Evergrande Founder’s Photo-Op Gives Bonds a Rare Boost
(Bloomberg) -- A photo of China Evergrande Group founder Hui Ka Yan attending Communist Party celebrations hosted by the country’s ruling elite lifted the embattled developer’s bonds, a day after the company was downgraded for the second time.
Hui, the billionaire chairman of China’s second-biggest property developer, was invited to join the event in Beijing’s Tiananmen Square to celebrate the Communist Party’s 100-year anniversary Thursday, according to a statement and photo sent by the company to Bloomberg News.
Getting an invitation to the July 1 festivities is often considered a show of favor for corporate elites, and provides some relief for Evergrande investors as the company faces heightened scrutiny to pare its massive debt load. Hui, China’s 22nd-richest man, has been a member of the Communist Party for more than 35 years, and a regular donor to charitable causes.
Hui’s attendance at the ceremony “broke market’s skepticism that regulators are targeting Evergrande,” said Daniel Fan, a credit analyst with Bloomberg Intelligence. His appearance “soothed the worries,” while Evergrande’s progress in cutting debt further boosted confidence. That may ease concerns about whether the company is too big to fail, Fan said.
The 5.9% 4 billion yuan note due 2023, issued by the company’s main onshore arm, jumped 1.6% to 86.4 yuan, set for the highest in four weeks. The same subsidiary’s 6.98% 8.2 billion yuan bond due 2022 also climbed 1.9% to 84.6 yuan, on pace for the highest since June 9. Evergrande’s 8.75% dollar bond due in 2025 was little changed in Singapore, while trading in its notes in Hong Kong was closed for a holiday.
For a day at least, the photo of Hui on the Tiananmen Rostrum overlooking the celebrations led by President Xi Jinping helped offset concerns about Evergrande’s ability to reduce debt to meet stringent new requirements from the Chinese government.
China Evergrande Group’s credit rating was cut by Moody’s Investors Service late Wednesday, the second downgrade by a global ratings company in less than two weeks. Moody’s lowered the rating by one notch to B2, five levels below investment grade.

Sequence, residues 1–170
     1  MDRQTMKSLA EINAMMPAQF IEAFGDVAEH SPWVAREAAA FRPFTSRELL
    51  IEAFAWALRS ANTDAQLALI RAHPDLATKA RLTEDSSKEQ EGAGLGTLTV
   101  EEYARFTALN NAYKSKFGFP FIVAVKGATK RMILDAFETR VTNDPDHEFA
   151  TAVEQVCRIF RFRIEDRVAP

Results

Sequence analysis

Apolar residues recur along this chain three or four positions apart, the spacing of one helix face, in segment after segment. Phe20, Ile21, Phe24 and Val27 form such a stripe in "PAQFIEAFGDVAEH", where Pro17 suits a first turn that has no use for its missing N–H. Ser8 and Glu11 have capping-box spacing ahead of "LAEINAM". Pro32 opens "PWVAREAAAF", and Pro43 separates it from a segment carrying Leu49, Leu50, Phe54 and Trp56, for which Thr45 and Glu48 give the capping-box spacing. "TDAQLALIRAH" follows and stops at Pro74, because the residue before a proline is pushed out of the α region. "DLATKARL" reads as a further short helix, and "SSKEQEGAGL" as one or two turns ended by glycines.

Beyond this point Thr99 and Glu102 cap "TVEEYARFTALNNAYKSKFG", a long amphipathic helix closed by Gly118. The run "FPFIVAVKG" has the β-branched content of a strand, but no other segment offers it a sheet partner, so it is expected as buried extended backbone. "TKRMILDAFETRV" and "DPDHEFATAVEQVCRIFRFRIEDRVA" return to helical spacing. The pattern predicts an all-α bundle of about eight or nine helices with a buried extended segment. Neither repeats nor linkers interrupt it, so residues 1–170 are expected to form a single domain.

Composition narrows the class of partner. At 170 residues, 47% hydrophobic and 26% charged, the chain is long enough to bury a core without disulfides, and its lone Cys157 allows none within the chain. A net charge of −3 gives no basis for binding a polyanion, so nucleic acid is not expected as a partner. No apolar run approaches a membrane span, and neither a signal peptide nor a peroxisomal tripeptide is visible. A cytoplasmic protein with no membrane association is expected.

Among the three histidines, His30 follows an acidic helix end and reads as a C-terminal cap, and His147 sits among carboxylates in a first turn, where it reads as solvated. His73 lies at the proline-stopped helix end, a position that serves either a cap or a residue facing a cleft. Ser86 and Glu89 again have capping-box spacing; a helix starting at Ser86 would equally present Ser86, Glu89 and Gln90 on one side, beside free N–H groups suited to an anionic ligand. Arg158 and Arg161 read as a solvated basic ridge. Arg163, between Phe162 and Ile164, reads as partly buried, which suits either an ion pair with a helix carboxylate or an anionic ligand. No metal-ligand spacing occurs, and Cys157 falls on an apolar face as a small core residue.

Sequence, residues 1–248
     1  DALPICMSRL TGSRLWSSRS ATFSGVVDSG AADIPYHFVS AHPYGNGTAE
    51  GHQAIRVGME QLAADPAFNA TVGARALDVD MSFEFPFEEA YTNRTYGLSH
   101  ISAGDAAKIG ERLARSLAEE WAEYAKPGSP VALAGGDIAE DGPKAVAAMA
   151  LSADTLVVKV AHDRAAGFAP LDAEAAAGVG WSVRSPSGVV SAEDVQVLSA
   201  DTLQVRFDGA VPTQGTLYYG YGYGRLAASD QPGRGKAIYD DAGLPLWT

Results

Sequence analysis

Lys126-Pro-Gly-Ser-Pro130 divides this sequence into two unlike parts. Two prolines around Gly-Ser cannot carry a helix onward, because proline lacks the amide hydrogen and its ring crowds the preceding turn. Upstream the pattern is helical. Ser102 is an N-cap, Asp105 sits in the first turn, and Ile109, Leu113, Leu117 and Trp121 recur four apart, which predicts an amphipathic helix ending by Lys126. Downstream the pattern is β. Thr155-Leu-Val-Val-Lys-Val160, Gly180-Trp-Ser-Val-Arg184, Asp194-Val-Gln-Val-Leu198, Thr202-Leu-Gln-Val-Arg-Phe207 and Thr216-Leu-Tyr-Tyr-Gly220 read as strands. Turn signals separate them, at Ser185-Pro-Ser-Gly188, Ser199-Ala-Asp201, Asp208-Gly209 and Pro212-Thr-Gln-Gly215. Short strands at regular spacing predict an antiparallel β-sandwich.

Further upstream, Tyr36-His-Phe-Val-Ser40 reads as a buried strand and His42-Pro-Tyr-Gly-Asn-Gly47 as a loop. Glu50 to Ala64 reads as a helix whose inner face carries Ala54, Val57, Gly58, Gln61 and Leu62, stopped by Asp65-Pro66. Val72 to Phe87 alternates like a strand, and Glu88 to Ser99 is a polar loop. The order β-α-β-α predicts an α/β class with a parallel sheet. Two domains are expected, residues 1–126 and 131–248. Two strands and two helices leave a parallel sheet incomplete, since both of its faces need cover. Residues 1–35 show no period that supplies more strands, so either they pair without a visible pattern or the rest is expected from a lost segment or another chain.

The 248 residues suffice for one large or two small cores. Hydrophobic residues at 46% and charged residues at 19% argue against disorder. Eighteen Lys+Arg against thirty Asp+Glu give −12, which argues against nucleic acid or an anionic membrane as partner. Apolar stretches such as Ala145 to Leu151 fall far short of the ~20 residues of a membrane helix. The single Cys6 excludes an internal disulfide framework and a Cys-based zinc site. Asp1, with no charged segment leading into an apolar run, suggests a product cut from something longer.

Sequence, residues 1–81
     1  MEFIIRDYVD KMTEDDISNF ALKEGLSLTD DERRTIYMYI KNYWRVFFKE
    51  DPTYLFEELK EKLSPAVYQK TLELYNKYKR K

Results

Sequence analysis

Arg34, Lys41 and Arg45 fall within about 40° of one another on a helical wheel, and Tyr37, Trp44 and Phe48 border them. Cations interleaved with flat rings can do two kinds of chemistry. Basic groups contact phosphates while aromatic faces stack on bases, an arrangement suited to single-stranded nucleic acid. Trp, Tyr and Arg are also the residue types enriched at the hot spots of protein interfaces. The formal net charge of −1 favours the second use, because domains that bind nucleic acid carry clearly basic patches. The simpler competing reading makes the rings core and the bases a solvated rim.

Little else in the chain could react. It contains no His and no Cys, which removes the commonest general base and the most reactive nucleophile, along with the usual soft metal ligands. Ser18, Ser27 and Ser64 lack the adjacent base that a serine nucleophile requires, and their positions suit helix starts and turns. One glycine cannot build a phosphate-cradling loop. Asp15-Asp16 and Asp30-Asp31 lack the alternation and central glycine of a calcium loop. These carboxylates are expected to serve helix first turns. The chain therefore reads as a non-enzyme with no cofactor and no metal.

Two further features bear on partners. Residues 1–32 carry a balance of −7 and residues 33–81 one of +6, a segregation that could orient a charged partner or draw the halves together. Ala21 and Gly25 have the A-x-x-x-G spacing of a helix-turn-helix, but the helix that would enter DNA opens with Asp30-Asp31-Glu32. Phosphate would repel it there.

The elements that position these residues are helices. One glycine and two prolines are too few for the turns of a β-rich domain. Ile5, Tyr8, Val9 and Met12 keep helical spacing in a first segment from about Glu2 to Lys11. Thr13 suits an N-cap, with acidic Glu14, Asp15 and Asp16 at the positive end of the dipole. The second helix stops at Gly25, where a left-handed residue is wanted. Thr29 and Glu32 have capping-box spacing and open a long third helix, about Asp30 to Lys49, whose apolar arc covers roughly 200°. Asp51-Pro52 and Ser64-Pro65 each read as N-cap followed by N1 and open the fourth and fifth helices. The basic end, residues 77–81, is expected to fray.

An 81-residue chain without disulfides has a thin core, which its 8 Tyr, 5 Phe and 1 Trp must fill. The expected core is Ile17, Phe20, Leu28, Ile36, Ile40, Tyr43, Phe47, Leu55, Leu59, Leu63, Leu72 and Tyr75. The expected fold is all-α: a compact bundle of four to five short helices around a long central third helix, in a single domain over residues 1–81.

“Although Evergrande has been reducing its debt to improve its financial stability, the company still faces sizeable maturing debt and puttable bonds over the next 12-18 months,” Moody’s said.
Concern has been building over the troubled Shenzhen-based developer, which on Wednesday tried to reassure investors about its financial health, saying it has reduced its net debt-to-equity ratio to below 100%, as required by Chinese regulators. The firm has pared total borrowings to about 570 billion yuan ($88 billion) from 717 billion yuan in December.
Evergrande shares have plunged by almost a third this year, reducing Hui’s net worth by about $6 billion, according to the Bloomberg Billionaires Index.
Hui wasn’t the only executive in attendance. Meituan’s Wang Xing was also there, signaling the chief executive officer and his tech company may be back in Beijing’s favor following a controversy over a poem he posted.
Wang was among the tens of thousands of people listening to Xi’s speech, local television images showed. Guests included medal winners, long-standing Communist Party members, as well as “fighters” who contributed to China’s campaigns against poverty and Covid-19, according to state media.
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